Professor van Dijk was born in Oxford, England, but her family moved when she was young, and her first memories are of Sioux Center, Iowa (US), where her family lived for 13 years while her father taught at Dordt College. In 1982, her family moved back to Canada, while her father taught at Redeemer College, in Hamilton, Ontario. Her favorite vacation spots include the Canadian Rockies, Atlantic Canada, and the Bruce Peninsula.
She spent her university years in Ancaster and Kitchener-Waterloo, Ontario. She graduated from Redeemer College in 1991 with a BCS in math, and a geography minor. She then went on to earn her MA and PhD in geography from the University of Waterloo, in 1993 and 1998. During university she enjoyed significant field experiences in Presqu'ile Provincial Park (on the north shore of Lake Ontario).
In 1998, she had a short (but memorable) stay in Sackville, New Brunswick for a short post-doc in a salt marshon the Bay of Fundy. Then, in 1999, she moved to Grand Rapids to join the GEO department at Calvin College.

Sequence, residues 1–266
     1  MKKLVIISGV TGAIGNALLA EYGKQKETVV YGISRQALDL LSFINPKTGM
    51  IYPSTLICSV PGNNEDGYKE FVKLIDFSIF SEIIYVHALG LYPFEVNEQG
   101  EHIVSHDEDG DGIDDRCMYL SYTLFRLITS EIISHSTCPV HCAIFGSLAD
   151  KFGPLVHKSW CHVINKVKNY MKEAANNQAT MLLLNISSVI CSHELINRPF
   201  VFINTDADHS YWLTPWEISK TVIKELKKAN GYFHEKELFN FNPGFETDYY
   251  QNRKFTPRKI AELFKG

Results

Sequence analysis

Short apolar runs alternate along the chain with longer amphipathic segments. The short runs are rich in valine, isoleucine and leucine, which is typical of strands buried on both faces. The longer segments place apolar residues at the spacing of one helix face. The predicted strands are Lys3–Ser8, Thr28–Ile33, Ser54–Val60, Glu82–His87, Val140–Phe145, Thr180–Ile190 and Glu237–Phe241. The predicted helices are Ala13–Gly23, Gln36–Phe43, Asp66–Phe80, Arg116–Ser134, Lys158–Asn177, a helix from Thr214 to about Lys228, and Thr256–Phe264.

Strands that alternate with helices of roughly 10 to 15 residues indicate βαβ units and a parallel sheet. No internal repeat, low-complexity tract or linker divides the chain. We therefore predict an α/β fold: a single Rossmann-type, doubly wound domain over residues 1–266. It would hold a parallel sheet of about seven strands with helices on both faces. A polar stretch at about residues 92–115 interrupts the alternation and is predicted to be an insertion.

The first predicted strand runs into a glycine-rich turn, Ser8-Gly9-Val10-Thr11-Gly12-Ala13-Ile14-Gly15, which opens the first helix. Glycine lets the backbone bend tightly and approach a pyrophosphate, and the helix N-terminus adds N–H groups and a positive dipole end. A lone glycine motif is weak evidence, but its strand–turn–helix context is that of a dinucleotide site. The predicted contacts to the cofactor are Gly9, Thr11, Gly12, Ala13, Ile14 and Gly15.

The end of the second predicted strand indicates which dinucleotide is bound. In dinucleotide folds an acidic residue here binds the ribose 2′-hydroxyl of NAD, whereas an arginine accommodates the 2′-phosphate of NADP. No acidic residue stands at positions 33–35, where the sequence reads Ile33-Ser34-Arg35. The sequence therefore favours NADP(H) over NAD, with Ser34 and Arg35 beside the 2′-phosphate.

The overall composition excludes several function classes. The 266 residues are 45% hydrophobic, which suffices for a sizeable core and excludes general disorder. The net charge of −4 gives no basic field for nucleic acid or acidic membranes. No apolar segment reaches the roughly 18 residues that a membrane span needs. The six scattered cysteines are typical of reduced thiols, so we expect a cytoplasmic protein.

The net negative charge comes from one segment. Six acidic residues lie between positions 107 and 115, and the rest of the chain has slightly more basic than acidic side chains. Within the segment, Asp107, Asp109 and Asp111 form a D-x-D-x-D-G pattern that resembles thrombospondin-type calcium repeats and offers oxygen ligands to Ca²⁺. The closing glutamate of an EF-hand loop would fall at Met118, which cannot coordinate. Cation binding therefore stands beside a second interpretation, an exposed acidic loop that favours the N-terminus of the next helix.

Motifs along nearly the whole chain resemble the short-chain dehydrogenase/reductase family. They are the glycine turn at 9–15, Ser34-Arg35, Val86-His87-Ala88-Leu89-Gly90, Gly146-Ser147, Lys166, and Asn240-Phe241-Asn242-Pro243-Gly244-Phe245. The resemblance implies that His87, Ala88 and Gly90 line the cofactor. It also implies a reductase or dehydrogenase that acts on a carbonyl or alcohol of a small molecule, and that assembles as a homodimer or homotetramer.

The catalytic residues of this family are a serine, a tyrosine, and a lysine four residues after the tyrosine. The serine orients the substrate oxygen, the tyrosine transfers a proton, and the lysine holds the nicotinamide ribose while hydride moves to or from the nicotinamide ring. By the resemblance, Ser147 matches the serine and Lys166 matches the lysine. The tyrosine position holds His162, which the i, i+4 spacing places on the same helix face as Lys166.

- Aeolian and coastal geomorphology
- Cold-climate processes
- Wind erosion in complex environments
- Lake Michigan coastal dunes
Graduate studies and post-doctorate research: I spent part of each year on the north shore of Lake Ontario studying the processes which make winter winds a dominant agent of landform change on the Presqu'ile Beach and coastal dunes.
- 2000-present (Calvin College years):
Long-term study: Along with Calvin students, I am measuring rates of sediment transport by wind and coastal dune change at a Lake Michigan field site in P.J. Hoffmaster State Park.
Other projects include:
- Collaboration with Hope College studies of an active dune near Holland, MI
- Summer studies (with students) of several Ottawa County dunes to provide information for specific management questions
- Studies (with students) to develop a method for creating a Dune Features Inventory for west Michigan dunes.